The MVPs got to grips with the SDL Tridion Reference implementation (TRI ) while on the yearly retreat in Portugal a couple of weeks back. In between getting people up and running with this new SDL Tridion product, I knocked up a Controller implementation to pull content/data as JSON from the web application.
Before we go into why this might be useful and how exactly it works, heres the code. First, code your controller as follows. TRI separates Controllers and Views using Areas, so you could create a new Area, and add the controller in there, or add it to an existing custom area. However there is nothing to stop you just adding it in to your web app in a Controllers folder
Next you need to add a route for the controller in your TRI web application (typically in Global.asax):
Note that if you are using Areas, you should ensure you specify the area in which your controller lives in the routing:
And thats it – build and run the site and hit any page. Then prepend json to the URL, and see the content come back as JSON. For example to see the dynamic list of news items in the example site use the URL /json/articles/news
This is pretty cool – as it is not only giving me static content on the page, but actually any data that is built into my view model by whatever controllers are defined to render the items on the page, so if I had some funky controller, which merged CMS content with some product data from PIM and ERP systems, I would have this data also in my returned JSON.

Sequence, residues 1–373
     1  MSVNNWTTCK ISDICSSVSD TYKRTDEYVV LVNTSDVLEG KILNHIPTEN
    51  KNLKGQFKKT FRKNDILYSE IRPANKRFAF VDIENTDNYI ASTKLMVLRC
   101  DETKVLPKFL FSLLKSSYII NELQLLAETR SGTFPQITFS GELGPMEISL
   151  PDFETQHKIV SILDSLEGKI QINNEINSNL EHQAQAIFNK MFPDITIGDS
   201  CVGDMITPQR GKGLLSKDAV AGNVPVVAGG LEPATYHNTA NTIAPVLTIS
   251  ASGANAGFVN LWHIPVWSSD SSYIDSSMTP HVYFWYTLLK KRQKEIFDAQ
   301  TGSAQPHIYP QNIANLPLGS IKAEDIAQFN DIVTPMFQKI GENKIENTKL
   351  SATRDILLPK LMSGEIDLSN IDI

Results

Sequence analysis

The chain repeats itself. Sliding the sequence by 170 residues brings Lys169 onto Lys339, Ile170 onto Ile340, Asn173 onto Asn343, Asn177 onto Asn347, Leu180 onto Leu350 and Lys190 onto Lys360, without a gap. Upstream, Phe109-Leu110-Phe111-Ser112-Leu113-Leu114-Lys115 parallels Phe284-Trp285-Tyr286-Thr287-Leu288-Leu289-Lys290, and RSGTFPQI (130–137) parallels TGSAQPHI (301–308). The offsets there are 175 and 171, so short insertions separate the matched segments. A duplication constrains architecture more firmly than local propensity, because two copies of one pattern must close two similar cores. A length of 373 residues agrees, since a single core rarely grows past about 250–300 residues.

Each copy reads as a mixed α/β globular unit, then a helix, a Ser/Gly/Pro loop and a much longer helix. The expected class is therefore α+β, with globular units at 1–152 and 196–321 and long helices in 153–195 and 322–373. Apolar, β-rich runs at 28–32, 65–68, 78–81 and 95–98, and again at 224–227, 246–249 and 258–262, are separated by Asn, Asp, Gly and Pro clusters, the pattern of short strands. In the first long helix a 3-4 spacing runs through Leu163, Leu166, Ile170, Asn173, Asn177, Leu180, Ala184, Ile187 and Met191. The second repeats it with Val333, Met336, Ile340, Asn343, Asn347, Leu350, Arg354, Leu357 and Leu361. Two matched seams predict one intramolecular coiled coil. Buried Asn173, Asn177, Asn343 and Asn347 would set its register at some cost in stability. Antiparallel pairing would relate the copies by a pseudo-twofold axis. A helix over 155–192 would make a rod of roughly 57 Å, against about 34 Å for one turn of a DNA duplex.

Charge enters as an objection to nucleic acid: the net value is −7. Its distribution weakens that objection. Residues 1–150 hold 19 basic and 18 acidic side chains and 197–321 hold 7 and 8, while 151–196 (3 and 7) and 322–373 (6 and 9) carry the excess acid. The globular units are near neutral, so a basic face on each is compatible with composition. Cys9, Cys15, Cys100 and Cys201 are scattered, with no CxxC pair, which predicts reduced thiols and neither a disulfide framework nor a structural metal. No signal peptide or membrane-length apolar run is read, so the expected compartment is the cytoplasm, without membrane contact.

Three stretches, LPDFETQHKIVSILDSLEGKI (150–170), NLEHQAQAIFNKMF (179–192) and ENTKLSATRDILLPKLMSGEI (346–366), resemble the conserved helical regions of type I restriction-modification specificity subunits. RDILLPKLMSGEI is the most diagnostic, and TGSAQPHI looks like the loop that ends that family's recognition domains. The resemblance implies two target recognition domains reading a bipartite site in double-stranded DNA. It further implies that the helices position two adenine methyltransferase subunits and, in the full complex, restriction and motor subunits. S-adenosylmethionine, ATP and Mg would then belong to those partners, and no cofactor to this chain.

So how does it work? Actually its pretty simple. In the controller, we load in the page model (in the same way as if we were rendering the page as HTML. We then loop through all the regions in the page, and pull out all the entities (=Component Presentations) in those regions. Each entity can be executed by a different controller, so we use built in TRI methods to retrieve the Area+Controller+Action to execute and then, using Reflection call this action to get a view result. We don’t actually want the rendered content, but rather just the view model, so we pull this out and return it, to build up a list of populated View Models. ASP.NET MVC does the rest with its simple Controller.Json method, which builds JSON from whatever object you pass it.
This was just a bit of fun, but gave some valuable insights into what we could do better for the next release of TRI. For example, rather than executing the whole controller action to build the view model, it would be better to simply call the
BaseController.ProcessModel method, which handles the mapping of the Component Presentation to the View Model, plus any additional logic to populate the model from other systems (eg search index/ERP system etc.). This method is
protected however, so we cannot call this directly and have to go through the controller action, using reflection. For the next release we will make it easier to get at the model processing from outside the controller, plus add some native support for data formats, so you can get page content in JSON, XML or RSS…